CT coronary angiogram – The advent of modern and advanced CT scanners has meant it is possible to ‘see’ inside the heart arteries in incredible detail with a simple and rapid CT scan. The CT coronary angiogram is increasingly used in advanced diagnostic units as a non-invasive alternative to the traditional invasive coronary angiogram. With an incredible resolution of just 0.3 mm it can determine the earliest signs of atherosclerosis and enable preventive measures to be put in place to prevent the furring up progressing or causing a heart attack.
Magnetic resonance imaging (MRI) – An MRI uses very strong magnets and radio waves to create detailed images of your heart on a computer. It can take still or moving pictures of your heart. Sometimes a special dye is used to make parts of the heart easier to see. This test shows your doctor the structure of your heart and how well it is working. It is not very good however in seeing the coronary arteries for which the CT coronary angiogram is far superior.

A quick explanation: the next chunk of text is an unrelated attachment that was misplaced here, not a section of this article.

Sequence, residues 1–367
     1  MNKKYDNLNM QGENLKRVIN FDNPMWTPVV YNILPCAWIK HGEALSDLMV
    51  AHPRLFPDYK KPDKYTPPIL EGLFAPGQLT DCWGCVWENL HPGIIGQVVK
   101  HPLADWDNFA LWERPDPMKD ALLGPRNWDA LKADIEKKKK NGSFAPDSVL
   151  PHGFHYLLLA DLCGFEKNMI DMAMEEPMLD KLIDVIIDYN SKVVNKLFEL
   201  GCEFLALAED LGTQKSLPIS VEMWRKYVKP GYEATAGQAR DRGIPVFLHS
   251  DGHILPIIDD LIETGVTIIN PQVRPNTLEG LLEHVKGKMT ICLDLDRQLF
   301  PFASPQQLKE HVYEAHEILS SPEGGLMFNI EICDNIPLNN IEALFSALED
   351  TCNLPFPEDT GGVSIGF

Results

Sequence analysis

Even if there is no apparent heart disease risk or a low to moderate risk, a heart scan can help to guide treatment options such as lifestyle changes.
How to keep a healthy heart
So what can you do to keep your heart healthy? The fact is, there are many ways to help prevent heart disease, and here we will outline some of them.
Get enough sleep – Do everything you can to get enough sleep – that is six to nine hours a day according to the NHS. Sleep is an important part of maintaining heart health, and it is understood that people who don’t get enough sleep are at a higher risk of cardiovascular disease. For this reason, prioritising sleep should be one of the first boxes ticked in a daily routine to keep your heart healthy.